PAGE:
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In the closing stages of writing my latest book, The Resurrection: A Critical Examination of the Easter Story [UK] (please grab yourself a copy!), I had a few test readers. One was David Austin, down in Australia, who has provided a few guest articles for your delectation. Here is another one – thanks muchly to him:

Is the “Empty Tomb” narrative historical?

When we examine the “Empty Tomb” narrative in detail, we find more and more problems with it (almost every verse is problematical), and sceptics begin to wonder if it ever happened at all.

Let me first examine the reasons the gospel writers would want to have a tomb in their narratives. I think the reasons are twofold:-

  1. If you want a “physical” resurrection, you need to have the body buried in a known location, so that one could point to a missing body and claim a resurrection. It would be no use having the body buried in a mass grave or communal criminal mausoleum, as it would be impossible to ascertain the body was missing. A tomb fits this criterium very nicely.
  2. You would like to believe that your revered leader had some semblance of an “honourable’ burial, rather than the indignity of his body being picked over by animals & birds, or just thrown into a mass grave – the normal fate of seditionists crucified by the Romans.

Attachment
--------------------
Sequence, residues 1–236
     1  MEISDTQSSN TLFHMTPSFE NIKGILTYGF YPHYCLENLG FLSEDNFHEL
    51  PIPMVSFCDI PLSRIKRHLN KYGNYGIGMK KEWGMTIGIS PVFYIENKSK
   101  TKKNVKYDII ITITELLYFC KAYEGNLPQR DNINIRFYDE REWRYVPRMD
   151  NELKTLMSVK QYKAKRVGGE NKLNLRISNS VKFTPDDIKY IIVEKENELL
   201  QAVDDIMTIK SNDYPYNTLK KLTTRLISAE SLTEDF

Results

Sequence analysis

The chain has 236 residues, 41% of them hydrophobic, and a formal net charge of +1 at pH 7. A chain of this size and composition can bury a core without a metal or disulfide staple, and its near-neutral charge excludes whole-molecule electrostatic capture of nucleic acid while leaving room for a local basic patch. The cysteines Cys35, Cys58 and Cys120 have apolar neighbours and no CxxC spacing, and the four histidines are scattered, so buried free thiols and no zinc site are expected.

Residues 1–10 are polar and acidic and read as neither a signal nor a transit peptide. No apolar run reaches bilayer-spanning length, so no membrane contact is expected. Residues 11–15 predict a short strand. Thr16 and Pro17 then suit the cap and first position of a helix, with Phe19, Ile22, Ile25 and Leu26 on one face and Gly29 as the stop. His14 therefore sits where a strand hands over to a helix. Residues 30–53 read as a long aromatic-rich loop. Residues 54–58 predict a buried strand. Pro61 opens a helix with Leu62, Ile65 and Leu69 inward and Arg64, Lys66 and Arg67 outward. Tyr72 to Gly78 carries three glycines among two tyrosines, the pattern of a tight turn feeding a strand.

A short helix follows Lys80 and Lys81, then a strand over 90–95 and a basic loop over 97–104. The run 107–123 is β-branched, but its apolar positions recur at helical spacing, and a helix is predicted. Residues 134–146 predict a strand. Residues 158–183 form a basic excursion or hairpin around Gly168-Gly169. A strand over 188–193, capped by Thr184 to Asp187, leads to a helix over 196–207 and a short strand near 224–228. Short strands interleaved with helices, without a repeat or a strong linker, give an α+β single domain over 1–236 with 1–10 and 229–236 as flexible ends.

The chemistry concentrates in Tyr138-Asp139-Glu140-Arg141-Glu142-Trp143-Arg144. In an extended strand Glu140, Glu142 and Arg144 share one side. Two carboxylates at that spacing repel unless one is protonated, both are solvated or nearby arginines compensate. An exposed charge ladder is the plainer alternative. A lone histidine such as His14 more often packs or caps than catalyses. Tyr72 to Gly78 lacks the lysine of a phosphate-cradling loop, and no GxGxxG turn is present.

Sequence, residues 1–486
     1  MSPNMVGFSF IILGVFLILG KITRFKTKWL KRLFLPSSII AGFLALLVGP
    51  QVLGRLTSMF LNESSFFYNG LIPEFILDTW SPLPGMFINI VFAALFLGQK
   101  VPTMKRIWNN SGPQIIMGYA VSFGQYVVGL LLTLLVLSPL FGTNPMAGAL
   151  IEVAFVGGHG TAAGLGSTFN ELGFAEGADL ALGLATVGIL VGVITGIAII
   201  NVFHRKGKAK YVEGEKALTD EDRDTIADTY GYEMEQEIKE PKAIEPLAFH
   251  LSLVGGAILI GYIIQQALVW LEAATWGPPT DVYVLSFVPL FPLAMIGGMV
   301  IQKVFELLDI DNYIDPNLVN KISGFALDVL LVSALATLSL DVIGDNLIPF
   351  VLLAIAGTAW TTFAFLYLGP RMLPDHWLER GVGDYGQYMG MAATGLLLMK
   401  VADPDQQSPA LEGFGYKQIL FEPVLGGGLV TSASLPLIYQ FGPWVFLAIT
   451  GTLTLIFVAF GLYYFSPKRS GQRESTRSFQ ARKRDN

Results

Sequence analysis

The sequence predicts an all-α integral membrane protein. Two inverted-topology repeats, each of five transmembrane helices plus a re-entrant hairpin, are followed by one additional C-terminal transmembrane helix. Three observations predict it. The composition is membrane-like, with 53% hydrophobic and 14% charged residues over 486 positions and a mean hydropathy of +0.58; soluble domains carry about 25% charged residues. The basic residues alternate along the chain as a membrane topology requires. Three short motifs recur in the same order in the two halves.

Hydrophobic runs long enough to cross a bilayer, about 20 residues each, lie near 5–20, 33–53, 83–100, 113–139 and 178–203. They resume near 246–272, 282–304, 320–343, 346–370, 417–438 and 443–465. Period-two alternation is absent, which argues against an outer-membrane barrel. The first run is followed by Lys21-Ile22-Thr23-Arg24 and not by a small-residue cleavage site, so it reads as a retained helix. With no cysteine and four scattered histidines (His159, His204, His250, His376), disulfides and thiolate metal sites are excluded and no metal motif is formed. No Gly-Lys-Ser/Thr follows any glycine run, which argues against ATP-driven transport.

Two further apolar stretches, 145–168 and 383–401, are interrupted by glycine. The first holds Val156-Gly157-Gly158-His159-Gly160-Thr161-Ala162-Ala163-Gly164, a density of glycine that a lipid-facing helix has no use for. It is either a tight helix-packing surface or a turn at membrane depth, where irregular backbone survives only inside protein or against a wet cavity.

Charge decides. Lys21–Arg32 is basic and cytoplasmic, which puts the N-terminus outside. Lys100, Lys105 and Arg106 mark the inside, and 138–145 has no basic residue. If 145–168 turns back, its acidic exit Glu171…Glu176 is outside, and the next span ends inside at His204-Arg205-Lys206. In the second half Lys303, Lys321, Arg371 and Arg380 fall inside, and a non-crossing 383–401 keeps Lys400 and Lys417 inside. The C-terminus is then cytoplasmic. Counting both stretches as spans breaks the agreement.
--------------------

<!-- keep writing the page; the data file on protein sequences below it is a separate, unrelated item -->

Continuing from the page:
Let us now examine the writings of Paul & the Gospel authors:-

The earliest Christian writings that we have are Paul’s epistles.

 In 1 Corinthians 15:3-4 Paul writes:-

 “For I handed on to you as of first importance what I in turn had received: that Christ died for our sins in accordance with the scriptures,  and that he was buried, and that he was raised on the third day in accordance with the scriptures”.

Paul just said “buried” which is ambiguous; It could have been an earth burial, or burial in a tomb or communal mausoleum.

The next writing we have, chronologically, is Mark’s gospel.  Mark relates that, Mary Magdalene & Mary, mother of Joses (Joseph) witnessed the burial of Jesus in a tomb, and then, after the Sabbath, Mary Magdalene, Mary, mother of James & Salome visited the tomb, to anoint the body with spices. At the tomb, they find Jesus’ body missing, and are greeted at by a man (or angel) who tells them to tell the disciples to meet Jesus in Galilee.  However, they were afraid, fled, and according to the text “said nothing to anyone”. Some have speculated that this might be a “plot device” to explain why nobody had heard of this “Empty Tomb” narrative prior to Mark’s Gospel.